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Joe Biden moves to left, flip-flops on gov’t funded abortions

In what many political observers see as an attempt to shore up his sagging poll numbers, U.S. Democrat presidential candidate Joe Biden said on June 6 that he no longer supports a long-standing congressional ban on the use of federal healthcare money for most abortions. The change of mind comes just a day after he had confirmed he was in favor it.

Biden’s poll numbers have crashed since announcing his candidacy and the move may have been made to attack the party’s ultra liberal left whose “abortion at any cost” policy is causing more moderate democrats like Biden to move away from the center of the issue.

The Hyde Amendment was passed in 1976, more than two years after the landmark Roe v. Wade decision, to prohibit the use of federal funds to pay for abortion services, with exceptions in cases of rape, incest, or when there is a threat to the woman’s life.

On late June 6, the 76-year-old Biden told a crowd at a Democratic Party fundraiser in Atlanta that he had changed his mind and would no longer support the Hyde Amendment because of recent abortion bans in select states.

“If I believe healthcare is a right, as I do, I can longer support an amendment that makes that right dependent on someone’s zip code,” Biden said.

But on the previous day, June 5, Biden’s campaign had told Politico that he still supported the Hyde Amendment but would be open to repealing Hyde “if avenues for women to access their protected rights under Roe v. Wade are closed.”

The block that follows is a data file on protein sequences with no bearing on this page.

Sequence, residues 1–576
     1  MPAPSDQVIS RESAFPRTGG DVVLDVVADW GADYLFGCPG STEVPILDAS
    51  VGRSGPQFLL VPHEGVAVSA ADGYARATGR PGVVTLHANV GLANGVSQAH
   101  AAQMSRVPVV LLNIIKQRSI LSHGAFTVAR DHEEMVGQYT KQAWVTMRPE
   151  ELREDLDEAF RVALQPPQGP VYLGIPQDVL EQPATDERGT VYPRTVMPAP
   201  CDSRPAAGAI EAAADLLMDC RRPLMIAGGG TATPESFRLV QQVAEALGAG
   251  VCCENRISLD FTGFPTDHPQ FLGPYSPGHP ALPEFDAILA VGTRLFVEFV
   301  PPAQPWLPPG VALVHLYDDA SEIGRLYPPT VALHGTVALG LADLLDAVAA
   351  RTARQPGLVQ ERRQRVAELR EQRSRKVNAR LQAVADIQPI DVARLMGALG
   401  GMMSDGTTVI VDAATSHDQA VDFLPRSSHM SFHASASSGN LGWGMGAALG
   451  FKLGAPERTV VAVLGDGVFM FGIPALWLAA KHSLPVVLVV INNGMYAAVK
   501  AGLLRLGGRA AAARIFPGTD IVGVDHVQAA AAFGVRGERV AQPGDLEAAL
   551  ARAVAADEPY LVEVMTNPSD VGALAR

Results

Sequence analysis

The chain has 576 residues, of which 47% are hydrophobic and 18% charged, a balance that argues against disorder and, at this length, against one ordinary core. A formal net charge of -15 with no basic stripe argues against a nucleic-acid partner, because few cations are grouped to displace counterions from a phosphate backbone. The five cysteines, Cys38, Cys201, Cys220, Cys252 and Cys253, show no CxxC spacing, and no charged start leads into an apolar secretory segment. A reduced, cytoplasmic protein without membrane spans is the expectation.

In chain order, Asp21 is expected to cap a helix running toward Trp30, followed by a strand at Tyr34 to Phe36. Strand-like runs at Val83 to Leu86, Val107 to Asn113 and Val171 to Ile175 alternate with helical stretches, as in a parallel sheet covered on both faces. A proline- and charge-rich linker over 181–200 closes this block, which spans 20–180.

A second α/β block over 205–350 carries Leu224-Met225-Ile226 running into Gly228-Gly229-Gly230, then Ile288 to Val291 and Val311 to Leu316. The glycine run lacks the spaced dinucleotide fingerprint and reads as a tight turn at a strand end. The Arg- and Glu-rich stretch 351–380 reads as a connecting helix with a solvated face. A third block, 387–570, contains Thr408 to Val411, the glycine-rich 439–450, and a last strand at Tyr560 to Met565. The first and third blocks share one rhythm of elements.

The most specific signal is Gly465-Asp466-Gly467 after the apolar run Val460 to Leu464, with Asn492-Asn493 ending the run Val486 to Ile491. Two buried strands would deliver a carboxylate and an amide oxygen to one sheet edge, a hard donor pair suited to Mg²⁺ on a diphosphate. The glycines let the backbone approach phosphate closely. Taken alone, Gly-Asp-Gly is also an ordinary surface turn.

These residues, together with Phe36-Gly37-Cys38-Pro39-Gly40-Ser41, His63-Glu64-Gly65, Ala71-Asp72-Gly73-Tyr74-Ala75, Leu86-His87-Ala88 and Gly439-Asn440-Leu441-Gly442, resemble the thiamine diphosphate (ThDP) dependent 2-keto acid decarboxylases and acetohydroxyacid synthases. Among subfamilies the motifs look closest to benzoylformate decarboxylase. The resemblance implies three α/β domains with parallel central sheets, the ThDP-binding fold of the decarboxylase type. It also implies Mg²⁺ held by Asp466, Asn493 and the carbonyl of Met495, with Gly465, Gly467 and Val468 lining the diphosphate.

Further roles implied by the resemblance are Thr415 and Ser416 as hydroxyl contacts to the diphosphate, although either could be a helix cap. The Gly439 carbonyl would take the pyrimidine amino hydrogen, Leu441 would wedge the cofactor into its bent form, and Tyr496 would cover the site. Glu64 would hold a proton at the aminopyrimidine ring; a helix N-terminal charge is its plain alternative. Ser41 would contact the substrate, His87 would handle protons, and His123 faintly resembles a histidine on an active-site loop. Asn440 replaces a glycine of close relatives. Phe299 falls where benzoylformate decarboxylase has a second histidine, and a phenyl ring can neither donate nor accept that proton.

On June 6, Biden explained that as a Roman Catholic, he had in 1976 voted to support the Hyde Amendment as a senator because he believed that those who were pro-life shouldn’t be compelled to pay for abortions sought by others, and that women would still have access to abortion even without Medicaid insurance and other federal healthcare grants, The Associated Press reported.

It was part of what Biden has described as a “middle ground” on abortion.

Biden’s support for the Hyde Amendment had put him out of step with most of his Democratic presidential rivals, including Beto O’Rourke and Elizabeth Warren who had criticized his support for Hyde just this week.

Planned Parenthood and other pro-abortion groups had also publicly criticized the former vice president for his stance on Hyde.

Repealing Hyde has become a defining standard for Democrats in recent years, making what was once a common position among moderate Democrats more untenable. This has become especially so of late, as seen in the dynamics of the 2020 Democratic primary race.

At its 2016 convention, the party included a call for repealing Hyde in the Democratic platform, doing so at the urging of nominee Hillary Clinton.

The Associated Press reported early on June 7 that, according to a senior Biden campaign official speaking on condition of anonymity, some aides were surprised at the speed at which the 76-year-old had changed his stance, given his long history of explaining his abortion positions in terms of his faith.

But following internal conversations, the aides realized that as a front-runner in the primary race, the attacks weren’t going to let up, it was leaked. It was reasoned by the campaign that the fallout within the Democratic primary outweighed any long-term benefit of Biden maintaining his support for Hyde.

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